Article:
Tinnitus is the perception of sound within the ear. It is usually described as a ringing noise, but can also sound like hissing, roaring, whooshing, clicking, chirping, whistling or buzzing. It varies in pitch and volume, may occur in one or both ears and can be an occasional nuisance or a constant irritation. Tinnitus affects about 1 in 5 Americans.
Most cases of tinnitus are subjective in nature, meaning only you can hear the sounds. On rare occasions, a doctor may also hear them during an examination. This type is known as objective tinnitus. Tinnitus isn’t a disease itself, but a symptom of another condition. There are many possible causes, including:
- Hearing loss
- Noise exposure
- Meniere’s disease
- Head or neck injury
- TMJ disorder
- Excessive earwax
- Ototoxic medications
- Acoustic neuroma
Many times, the exact cause of tinnitus is unknown. Those with an increased risk are older, male, smokers and persons with cardiovascular problems. Tinnitus can severely impact your quality of life. Those suffering may experience fatigue, lack of sleep, memory and concentration problems, depression, anxiety and irritability.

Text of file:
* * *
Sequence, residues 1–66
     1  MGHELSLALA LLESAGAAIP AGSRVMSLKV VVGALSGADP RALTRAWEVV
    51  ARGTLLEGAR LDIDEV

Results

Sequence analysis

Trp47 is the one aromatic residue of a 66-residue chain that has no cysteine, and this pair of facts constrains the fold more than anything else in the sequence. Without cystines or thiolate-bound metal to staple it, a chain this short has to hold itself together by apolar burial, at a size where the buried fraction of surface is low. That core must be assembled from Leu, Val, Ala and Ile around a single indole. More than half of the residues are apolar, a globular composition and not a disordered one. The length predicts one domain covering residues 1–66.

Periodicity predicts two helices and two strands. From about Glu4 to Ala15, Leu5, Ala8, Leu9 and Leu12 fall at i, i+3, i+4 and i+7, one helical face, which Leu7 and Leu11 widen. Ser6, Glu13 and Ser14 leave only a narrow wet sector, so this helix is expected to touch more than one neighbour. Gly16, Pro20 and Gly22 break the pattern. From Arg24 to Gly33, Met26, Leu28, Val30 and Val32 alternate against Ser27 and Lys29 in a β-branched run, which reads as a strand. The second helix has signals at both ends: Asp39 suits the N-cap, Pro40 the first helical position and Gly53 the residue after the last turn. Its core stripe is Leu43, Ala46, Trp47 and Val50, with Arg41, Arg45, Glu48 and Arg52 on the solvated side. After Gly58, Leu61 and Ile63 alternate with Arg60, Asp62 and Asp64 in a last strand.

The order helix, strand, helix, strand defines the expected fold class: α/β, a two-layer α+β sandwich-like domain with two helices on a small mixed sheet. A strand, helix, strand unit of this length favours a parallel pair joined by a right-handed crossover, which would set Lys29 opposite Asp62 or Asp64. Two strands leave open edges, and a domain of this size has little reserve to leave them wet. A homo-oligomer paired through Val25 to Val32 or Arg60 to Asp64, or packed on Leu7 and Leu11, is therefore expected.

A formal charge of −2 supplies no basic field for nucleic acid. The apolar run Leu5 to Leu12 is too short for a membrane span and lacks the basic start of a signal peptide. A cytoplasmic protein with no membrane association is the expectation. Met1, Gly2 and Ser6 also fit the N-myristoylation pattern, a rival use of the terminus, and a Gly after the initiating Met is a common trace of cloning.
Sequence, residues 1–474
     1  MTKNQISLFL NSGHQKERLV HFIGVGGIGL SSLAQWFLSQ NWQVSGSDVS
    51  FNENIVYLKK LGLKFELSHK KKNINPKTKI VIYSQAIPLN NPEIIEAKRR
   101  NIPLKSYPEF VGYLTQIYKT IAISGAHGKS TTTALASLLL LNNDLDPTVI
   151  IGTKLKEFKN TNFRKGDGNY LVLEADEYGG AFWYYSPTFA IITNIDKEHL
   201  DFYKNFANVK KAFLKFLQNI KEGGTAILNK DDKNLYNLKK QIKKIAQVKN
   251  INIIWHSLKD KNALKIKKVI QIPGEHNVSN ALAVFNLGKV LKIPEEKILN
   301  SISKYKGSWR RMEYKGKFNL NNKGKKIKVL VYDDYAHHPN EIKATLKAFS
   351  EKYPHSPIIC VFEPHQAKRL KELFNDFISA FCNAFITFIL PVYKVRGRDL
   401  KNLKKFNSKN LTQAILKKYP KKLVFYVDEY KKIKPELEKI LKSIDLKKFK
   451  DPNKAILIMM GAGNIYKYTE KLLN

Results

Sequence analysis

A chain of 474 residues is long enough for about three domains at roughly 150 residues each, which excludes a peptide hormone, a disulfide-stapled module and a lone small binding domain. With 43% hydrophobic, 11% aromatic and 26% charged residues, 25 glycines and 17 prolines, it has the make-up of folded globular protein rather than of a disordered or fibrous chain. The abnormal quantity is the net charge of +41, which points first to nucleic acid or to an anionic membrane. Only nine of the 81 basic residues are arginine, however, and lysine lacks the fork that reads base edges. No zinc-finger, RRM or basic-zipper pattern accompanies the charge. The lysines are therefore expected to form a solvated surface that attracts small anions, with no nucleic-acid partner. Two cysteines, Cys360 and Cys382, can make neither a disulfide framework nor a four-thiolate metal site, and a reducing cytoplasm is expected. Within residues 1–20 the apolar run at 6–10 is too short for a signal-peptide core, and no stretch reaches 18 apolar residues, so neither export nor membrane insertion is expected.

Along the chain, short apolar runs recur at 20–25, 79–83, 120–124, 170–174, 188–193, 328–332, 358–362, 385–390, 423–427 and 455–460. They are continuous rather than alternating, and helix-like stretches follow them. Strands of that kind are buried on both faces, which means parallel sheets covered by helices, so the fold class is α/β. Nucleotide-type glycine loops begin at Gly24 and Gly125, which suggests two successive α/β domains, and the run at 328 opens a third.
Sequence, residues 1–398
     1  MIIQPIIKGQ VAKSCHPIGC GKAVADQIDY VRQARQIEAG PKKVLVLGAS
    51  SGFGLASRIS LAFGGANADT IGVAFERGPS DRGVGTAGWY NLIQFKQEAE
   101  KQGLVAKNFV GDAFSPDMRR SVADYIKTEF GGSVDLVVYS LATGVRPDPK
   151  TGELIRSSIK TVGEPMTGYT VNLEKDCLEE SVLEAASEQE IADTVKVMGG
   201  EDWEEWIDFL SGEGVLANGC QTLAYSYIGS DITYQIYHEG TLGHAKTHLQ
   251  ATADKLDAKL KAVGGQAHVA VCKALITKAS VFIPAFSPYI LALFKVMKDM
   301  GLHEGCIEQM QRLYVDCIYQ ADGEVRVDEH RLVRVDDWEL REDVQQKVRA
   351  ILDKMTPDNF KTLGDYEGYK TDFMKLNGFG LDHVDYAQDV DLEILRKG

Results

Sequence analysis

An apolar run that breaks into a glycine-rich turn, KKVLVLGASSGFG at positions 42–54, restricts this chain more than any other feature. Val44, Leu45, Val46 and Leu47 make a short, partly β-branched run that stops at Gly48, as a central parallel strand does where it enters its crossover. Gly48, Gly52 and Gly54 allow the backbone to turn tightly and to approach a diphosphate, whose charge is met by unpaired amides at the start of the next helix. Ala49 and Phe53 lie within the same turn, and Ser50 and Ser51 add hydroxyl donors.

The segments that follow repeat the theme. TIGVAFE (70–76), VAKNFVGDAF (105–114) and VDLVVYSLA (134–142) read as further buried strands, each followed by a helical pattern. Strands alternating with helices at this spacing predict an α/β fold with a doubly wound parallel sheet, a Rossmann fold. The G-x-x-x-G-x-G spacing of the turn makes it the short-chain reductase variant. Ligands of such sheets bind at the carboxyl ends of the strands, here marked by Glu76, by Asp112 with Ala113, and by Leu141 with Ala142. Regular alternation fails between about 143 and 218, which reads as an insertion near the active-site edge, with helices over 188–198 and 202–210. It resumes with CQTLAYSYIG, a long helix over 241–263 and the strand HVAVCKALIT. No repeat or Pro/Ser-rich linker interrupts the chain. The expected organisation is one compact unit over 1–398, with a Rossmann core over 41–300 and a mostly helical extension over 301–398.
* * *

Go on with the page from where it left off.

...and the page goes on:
In order to treat tinnitus, the underlying condition responsible for your symptoms should be identified, if possible. The solution may be as simple as removing built up earwax or switching to a different medication. When the condition causing your tinnitus is unknown or untreatable, noise suppression techniques are often recommended. This involves the use of an electronic device to generate white noise, which masks the ringing in your ears, making it less annoying. You can try using a fan, humidifier or air conditioner to achieve the same effect. Other options include hearing aids and tinnitus retraining devices that rely on patterned tones to divert your brain’s attention. Certain antidepressants and other medications are also believed to lessen symptoms, but these often produce side effects and may be habit forming.